Reflections: A Pilgrimage to the Seashore

Some go to the chapel to pray. I go to the ocean. But I don’t recite prayers. I listen. I cannot help but hear God’s voice when I go to the water’s edge.

I hear the roar of His wrath in the surf’s endless assault on the rockbound coast. Crash. Retreat. Crash. Retreat.

IMG_7750I hear His whisper in the murmuring wavelets on a starry night — Orion and Ursa and playmates without number above me, countless grains of sand at my feet.

I remember His promise to Abraham, 4000 years ago.

“If you can number the stars, and count the grains of sand on the seashore, so shall your descendants be.”

Since I was young, I have come to the ocean to seek solitude. Or comfort. Or memories. Of my friends, my elders, my family, my sweethearts real and yearned for. They remain with me, like weathered stone monuments or faded snapshots. And on the shore I feel their presence, close by me again.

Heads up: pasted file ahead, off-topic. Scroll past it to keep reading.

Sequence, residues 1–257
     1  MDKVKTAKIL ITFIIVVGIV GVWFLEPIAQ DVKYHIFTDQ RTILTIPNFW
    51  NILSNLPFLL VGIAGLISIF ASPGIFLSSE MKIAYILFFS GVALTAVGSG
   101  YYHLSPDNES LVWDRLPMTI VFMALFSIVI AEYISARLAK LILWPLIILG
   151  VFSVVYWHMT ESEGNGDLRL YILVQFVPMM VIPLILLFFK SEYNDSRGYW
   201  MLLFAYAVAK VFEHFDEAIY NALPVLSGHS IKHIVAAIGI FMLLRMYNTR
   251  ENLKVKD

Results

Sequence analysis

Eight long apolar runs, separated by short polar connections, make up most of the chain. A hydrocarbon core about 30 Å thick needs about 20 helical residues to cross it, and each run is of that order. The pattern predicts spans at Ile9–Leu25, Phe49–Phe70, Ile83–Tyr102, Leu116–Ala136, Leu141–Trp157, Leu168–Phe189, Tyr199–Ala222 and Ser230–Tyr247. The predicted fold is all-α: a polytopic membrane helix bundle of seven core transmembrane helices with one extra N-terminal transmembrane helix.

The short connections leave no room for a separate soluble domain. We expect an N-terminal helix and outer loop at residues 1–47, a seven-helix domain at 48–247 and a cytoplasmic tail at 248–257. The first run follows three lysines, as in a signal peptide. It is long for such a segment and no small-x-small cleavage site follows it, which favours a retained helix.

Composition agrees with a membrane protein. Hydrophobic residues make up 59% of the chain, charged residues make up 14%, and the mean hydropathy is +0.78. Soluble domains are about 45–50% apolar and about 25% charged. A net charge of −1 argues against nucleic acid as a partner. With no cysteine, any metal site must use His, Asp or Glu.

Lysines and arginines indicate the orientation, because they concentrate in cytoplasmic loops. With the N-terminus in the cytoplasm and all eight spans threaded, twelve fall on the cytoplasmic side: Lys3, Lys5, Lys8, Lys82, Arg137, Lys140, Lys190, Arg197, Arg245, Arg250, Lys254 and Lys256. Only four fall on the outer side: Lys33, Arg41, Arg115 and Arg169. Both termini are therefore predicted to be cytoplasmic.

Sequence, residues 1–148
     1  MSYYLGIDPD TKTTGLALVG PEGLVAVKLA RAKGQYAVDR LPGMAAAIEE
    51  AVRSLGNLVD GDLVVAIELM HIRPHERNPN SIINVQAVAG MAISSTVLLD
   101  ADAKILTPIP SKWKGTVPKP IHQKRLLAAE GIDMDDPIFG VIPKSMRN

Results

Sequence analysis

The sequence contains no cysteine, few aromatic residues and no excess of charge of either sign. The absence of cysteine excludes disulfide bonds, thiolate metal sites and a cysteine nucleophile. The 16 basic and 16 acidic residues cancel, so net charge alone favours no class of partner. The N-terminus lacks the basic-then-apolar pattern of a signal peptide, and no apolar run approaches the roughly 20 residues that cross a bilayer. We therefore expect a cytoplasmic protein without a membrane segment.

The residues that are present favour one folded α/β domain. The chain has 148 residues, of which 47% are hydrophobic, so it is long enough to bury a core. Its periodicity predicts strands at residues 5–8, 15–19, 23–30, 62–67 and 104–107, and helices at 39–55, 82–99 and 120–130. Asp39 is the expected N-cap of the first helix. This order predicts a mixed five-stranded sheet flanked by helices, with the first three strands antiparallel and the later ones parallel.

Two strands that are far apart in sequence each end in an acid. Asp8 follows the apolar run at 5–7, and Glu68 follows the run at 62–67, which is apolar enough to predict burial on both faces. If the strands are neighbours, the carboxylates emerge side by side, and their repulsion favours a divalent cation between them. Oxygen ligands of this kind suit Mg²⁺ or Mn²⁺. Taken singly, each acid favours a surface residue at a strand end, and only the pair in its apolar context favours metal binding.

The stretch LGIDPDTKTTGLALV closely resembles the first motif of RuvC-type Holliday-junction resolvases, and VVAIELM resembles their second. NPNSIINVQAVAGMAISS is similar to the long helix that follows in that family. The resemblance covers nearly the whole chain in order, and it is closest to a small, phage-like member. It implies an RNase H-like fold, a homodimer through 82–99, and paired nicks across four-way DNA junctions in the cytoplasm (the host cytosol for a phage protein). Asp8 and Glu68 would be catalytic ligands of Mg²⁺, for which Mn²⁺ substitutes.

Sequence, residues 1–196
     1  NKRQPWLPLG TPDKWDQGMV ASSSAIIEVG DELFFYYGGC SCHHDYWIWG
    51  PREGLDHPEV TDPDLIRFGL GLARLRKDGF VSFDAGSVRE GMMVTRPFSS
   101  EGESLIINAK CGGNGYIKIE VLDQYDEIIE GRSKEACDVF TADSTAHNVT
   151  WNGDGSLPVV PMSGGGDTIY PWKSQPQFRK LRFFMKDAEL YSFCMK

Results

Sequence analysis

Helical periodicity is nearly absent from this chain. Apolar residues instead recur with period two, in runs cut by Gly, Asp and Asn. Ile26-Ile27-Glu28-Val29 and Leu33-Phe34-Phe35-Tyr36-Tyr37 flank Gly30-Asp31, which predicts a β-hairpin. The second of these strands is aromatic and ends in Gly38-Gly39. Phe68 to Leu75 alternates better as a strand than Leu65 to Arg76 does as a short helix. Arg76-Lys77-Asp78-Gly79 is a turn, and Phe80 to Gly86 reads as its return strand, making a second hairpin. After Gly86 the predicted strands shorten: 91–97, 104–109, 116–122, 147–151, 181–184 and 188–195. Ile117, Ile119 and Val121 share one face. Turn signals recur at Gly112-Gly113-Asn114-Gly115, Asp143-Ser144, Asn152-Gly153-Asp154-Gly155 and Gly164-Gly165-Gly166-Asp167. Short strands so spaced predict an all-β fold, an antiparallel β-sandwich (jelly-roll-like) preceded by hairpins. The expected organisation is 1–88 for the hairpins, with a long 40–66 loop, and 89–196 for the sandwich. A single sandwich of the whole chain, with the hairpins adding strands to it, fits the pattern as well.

Sometimes, at twilight, when I walk the strand or sit on the rocks, and the darkening sky blends the horizon away, I hear the music.

The sweet, sad songs of my youth waft in on the salty breeze. My heart lifts up, and I am sixteen years old again. I’m Hugo, Kim’s One Boy. I’m Tony, and I just kissed a girl named Maria. I’m Rick, assuring Ilsa that we’ll always have Paris. Lord, I’m so gallant and debonair.

Or I’m just me, standing at the edge of the dance floor, watching her whirl and smile. I’m hoping that a slow number plays next, that I’ll get to her first, and that I’ll summon up the courage to ask her to dance. Lord, I’m so shy and nervous.

I am thankful to be here. Thankful for what I find when I come to the seashore. I find my own true nature, like a shell dug out of the sand. I find both good and bad.

Yes, the songs I hear are sad, but I’m not. Though there’s much, much, I would do differently if I could go back, I don’t want those days to return. I’ve lived them. I am at peace.

Now I do say a prayer. A prayer of gratitude for the gift of those days – of those years – and for all those who shared them with me.

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